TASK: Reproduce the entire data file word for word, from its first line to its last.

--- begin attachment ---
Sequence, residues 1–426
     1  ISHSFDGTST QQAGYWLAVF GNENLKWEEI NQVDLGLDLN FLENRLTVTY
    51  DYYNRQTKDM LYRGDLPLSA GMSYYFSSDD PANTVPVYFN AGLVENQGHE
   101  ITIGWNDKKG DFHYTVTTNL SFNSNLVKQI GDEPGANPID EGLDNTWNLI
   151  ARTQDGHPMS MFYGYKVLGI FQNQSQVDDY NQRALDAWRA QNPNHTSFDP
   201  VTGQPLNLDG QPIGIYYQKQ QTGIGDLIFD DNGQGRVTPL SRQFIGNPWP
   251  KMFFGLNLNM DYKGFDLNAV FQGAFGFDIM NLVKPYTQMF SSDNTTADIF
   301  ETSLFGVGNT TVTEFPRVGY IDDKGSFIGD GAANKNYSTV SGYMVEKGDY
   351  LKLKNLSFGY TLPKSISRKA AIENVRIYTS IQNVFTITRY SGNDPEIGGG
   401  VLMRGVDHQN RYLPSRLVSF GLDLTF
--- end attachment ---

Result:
Sequence, residues 1–426
     1  ISHSFDGTST QQAGYWLAVF GNENLKWEEI NQVDLGLDLN FLENRLTVTY
    51  DYYNRQTKDM LYRGDLPLSA GMSYYFSSDD PANTVPVYFN AGLVENQGHE
   101  ITIGWNDKKG DFHYTVTTNL SFNSNLVKQI GDEPGANPID EGLDNTWNLI
   151  ARTQDGHPMS MFYGYKVLGI FQNQSQVDDY NQRALDAWRA QNPNHTSFDP
   201  VTGQPLNLDG QPIGIYYQKQ QTGIGDLIFD DNGQGRVTPL SRQFIGNPWP
   251  KMFFGLNLNM DYKGFDLNAV FQGAFGFDIM NLVKPYTQMF SSDNTTADIF
   301  ETSLFGVGNT TVTEFPRVGY IDDKGSFIGD GAANKNYSTV SGYMVEKGDY
   351  LKLKNLSFGY TLPKSISRKA AIENVRIYTS IQNVFTITRY SGNDPEIGGG
   401  VLMRGVDHQN RYLPSRLVSF GLDLTF